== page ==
Oshitari's gaze finally deferred to the window; the last of the little team to look up. Ootori's face had taken on a characteristic worried tone, and even Hiyoshi was standing, arms folded, awaiting the now fifteen-minutes delayed arrival of their captain. Gakuto wondered, hands under chin, why Atobe had been chosen as the one. The main actor amongst this wild variation of characters; the binding force, the striving figurehead. Where had it happened, that Atobe had taken root as the central column in Hyotei's willowy, frail building? The tree stump that held the branches upright, kept the leaves from dusting the dirty ground? The flower that reached, carrying petals, toward the burning sun?
"He'll be alright," Ootori murmured. "Whatever happens, we'll support him."
"And here I was thinking that Hyotei were selfish glory-grabbers." Hiyoshi commented wryly. "Even I would rather beat Atobe into the ground and take his place than have him removed before I get the chance."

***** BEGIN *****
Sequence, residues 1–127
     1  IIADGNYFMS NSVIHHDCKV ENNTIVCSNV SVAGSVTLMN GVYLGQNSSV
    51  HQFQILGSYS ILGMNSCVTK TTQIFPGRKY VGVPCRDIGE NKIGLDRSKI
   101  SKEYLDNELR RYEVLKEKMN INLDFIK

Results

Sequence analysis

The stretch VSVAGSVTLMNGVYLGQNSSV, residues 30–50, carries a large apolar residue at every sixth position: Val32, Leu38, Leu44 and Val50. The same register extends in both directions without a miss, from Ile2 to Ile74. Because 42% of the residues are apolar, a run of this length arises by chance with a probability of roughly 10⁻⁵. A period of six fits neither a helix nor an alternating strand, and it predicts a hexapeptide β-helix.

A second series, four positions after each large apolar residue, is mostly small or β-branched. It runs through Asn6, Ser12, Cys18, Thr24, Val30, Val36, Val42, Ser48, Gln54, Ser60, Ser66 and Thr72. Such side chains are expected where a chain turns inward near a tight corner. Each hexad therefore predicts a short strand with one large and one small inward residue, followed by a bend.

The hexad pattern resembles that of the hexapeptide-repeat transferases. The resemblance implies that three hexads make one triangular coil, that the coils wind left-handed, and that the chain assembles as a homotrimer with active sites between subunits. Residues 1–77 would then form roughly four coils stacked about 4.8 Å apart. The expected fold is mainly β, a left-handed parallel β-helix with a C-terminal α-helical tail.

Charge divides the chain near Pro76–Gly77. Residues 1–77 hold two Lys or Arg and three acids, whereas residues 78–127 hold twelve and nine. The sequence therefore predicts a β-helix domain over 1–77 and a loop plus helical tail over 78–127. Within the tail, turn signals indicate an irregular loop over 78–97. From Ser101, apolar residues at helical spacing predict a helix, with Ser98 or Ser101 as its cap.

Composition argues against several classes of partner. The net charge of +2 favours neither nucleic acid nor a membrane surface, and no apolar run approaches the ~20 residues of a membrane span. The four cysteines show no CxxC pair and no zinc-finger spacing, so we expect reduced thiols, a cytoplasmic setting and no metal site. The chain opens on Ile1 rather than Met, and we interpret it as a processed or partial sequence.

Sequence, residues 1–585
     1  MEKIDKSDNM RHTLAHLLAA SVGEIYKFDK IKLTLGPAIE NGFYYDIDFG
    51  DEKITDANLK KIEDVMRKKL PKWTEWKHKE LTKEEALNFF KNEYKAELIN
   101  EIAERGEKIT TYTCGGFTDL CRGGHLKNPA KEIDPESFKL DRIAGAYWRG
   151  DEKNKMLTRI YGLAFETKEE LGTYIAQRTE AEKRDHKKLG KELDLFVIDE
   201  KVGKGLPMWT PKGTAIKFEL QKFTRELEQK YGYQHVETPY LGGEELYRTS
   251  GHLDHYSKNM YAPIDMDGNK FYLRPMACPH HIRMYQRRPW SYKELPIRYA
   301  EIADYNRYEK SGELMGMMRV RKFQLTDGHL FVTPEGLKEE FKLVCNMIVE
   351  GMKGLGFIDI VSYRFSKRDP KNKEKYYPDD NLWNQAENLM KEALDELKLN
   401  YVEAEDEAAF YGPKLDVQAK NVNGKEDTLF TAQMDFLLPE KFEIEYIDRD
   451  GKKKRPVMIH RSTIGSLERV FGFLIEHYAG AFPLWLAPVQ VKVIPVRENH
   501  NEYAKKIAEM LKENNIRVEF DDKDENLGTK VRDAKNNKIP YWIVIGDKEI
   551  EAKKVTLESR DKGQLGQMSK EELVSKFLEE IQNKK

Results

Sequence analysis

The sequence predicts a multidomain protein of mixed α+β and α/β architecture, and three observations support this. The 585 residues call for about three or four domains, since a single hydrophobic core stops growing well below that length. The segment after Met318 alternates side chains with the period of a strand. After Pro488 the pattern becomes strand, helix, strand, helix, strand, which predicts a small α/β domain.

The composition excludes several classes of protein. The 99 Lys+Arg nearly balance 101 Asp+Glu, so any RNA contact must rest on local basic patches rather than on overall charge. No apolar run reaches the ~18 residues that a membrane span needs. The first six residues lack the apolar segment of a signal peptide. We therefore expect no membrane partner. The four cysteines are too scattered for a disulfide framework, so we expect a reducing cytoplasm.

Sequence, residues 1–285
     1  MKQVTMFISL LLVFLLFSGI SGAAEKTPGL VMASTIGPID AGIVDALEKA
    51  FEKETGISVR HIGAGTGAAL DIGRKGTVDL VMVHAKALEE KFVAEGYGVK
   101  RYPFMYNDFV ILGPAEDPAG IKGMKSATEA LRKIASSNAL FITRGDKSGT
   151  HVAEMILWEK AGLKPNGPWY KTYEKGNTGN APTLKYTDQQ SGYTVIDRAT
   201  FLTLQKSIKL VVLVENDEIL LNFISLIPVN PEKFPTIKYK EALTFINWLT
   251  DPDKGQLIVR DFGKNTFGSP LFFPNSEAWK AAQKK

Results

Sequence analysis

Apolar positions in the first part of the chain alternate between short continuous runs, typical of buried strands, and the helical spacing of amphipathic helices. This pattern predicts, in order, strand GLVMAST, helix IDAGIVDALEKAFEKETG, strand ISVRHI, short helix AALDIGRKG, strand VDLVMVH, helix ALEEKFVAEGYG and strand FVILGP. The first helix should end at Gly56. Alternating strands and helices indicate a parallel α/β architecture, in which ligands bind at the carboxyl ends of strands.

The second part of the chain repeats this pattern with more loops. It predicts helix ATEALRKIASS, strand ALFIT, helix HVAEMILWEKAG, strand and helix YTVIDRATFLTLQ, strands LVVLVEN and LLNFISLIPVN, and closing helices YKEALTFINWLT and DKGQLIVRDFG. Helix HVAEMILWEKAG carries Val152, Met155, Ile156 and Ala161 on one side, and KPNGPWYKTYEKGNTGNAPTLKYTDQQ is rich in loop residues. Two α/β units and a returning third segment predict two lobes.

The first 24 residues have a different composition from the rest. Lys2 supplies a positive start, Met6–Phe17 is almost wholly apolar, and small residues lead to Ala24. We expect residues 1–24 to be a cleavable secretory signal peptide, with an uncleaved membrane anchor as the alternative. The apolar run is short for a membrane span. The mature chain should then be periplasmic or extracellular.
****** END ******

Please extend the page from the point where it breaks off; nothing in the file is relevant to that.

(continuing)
"We're all individuals." Jirou commented, his eyes glazing over as he twirled a daisy between finger and thumb. "And individually, we all respect him."
"Most of us, anyway." Gakuto added, with a sly look in Hiyoshi's direction.
"If something falls on us, we'll all take it, okay?" Ootori's voice, ever measured and predictable. "We may be a bunch of tyrants thrown together into a melting pot, but we're a team in a funny sort of way. I won't let him take all of this on his own. We're all Hyotei. We'll lick our wounds and carry on - and we'll beat Seigaku. We'll wipe the floor with them. Agreed?"